WORLD TEAM CHAMPIONSHIPS: COACHLESS U.S.A. TRIUMPHS OVER ICELAND
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May 19, 1997 (NEW SHUTTLENWS) - Team U.S.A., reeling from the resignation
of national coach Steve Butler and beset by service fault calls, defeated
Iceland 4 matches to 1 in the team's opening Group 4A fixture at badminton's
world mixed team championships (Sudirman Cup) in Glasgow, Scotland this
Butler, a former top English international player with several Grand Prix
tournament win under his belt who was widely expected to coach the U.S.A.'s
elite players until after the 2000 Olympic games, had tendered his resignation
recently after several rumoured incidents of interference by members of the
American badminton association board of directors over training methods.
Butler, whose resignation has not been accepted, is not coaching Team U.S.A.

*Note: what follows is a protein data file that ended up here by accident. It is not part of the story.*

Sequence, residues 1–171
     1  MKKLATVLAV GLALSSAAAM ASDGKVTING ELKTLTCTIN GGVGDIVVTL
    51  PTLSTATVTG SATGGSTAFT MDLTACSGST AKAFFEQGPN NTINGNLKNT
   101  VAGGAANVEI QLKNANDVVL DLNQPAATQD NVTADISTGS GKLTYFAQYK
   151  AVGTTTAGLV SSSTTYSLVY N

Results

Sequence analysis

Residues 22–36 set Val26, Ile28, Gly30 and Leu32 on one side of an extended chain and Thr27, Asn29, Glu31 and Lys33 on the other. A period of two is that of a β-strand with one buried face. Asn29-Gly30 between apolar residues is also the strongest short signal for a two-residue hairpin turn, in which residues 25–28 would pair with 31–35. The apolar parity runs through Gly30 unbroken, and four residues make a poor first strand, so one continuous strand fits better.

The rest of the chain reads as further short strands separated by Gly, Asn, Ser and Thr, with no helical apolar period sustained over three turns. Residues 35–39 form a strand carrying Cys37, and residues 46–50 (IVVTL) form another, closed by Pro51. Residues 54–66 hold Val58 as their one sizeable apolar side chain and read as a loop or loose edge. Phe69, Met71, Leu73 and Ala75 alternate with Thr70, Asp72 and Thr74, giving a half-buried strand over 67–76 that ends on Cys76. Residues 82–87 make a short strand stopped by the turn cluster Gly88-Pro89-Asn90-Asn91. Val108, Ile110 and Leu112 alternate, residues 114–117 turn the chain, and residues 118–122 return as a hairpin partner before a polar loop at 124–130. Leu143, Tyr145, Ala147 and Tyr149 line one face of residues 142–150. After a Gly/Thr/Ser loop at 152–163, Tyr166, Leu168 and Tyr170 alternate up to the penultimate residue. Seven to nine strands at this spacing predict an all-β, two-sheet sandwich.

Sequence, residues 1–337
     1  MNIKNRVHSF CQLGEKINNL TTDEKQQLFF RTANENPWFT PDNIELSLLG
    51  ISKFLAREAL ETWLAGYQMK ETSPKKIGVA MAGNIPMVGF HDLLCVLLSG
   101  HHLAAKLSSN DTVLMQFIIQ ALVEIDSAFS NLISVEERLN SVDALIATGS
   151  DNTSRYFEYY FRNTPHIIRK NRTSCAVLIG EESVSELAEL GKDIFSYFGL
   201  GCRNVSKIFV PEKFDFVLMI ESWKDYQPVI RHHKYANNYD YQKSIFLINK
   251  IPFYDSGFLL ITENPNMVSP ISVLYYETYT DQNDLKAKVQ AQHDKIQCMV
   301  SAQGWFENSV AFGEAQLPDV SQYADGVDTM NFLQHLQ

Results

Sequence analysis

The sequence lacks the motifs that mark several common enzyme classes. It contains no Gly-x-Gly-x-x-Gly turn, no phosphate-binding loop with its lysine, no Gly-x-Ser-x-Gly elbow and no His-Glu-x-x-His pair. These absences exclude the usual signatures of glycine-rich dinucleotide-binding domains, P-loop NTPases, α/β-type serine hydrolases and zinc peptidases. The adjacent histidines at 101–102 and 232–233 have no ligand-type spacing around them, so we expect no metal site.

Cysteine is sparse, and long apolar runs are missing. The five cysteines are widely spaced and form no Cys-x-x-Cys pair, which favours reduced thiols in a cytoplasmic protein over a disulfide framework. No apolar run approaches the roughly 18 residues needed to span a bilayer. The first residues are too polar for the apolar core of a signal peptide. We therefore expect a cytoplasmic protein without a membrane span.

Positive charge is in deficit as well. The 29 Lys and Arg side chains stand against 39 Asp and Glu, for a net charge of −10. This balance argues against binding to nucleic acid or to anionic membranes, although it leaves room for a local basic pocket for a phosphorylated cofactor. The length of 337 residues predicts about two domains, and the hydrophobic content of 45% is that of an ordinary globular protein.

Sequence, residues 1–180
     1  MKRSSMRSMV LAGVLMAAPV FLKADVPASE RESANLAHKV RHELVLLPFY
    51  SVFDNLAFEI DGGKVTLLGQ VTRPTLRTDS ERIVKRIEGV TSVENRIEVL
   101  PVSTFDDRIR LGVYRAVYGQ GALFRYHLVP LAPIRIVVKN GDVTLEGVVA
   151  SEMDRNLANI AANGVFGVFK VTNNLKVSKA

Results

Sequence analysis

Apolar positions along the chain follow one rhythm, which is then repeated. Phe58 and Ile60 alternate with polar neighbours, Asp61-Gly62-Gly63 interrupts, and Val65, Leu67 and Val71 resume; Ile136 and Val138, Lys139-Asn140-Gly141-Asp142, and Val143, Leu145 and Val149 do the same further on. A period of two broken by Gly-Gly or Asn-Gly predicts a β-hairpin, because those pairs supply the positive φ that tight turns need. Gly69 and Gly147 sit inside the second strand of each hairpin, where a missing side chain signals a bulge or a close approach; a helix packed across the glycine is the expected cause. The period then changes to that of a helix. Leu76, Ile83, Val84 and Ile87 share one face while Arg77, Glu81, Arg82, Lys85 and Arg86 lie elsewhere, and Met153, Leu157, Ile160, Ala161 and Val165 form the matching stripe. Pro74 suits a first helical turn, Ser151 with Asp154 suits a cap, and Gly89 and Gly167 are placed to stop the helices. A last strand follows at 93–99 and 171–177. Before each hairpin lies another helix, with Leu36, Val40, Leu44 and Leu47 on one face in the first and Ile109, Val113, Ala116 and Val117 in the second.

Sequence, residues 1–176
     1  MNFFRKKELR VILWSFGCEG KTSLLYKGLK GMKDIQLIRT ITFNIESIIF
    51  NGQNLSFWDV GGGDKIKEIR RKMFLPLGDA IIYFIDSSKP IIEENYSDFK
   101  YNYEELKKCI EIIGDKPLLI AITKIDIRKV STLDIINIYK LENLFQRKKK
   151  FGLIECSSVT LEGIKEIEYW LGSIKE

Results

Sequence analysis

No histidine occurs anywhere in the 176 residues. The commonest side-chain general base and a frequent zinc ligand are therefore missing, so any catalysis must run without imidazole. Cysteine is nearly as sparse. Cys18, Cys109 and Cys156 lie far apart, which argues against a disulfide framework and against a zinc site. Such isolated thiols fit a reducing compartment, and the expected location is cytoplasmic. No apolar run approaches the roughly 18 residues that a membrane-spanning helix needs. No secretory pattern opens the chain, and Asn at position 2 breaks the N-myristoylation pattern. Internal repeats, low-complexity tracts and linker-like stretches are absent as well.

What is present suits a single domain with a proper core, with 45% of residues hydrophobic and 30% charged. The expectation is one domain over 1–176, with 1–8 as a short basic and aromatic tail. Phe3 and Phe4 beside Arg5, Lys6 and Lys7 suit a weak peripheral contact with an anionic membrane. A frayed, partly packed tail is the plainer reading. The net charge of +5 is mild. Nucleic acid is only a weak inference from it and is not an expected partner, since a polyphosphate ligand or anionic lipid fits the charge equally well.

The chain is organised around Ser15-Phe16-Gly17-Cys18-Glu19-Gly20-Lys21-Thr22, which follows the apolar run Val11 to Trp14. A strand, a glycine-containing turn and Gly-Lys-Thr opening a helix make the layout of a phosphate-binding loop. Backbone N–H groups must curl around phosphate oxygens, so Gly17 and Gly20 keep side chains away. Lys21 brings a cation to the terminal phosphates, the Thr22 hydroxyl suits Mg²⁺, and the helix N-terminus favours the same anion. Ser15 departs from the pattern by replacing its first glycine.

at this world championships. Tom Reidy, Butler's assistant, is handling the
team as well as playing in the men's doubles.
Reidy is also said to have resigned and is reportedly headed to Sweden to
play and coach.
In today's bets-of-five matches fixture against Iceland, Mike Edstrom and
Eileen Tang staged a stirring comeback against Arne Thor Hallgrimson and Drifa
Hardardottir in the mixed doubles match to stake Team U.S.A. to a one-match
Edstrom and Tang had dropped the first game 8-15 and were on the edge of
defeat in the second game as the Icelanders got to match point. Spirited
all-court play by Edstrom and steady defense and netplay from Tang got the
Americans back into the game at 14-all. Hallgrimson and Hardardottir again
got the advantage in the three-point tiebreak but Edstrom continued to cover
the open corners to defend against the mixture of drops and thundering smashes
from the aptly-named Thor Hallgrimson. Edstrom also scored with smashes to
Hardardottir. The Americans took the second in the tiebreak 17-16.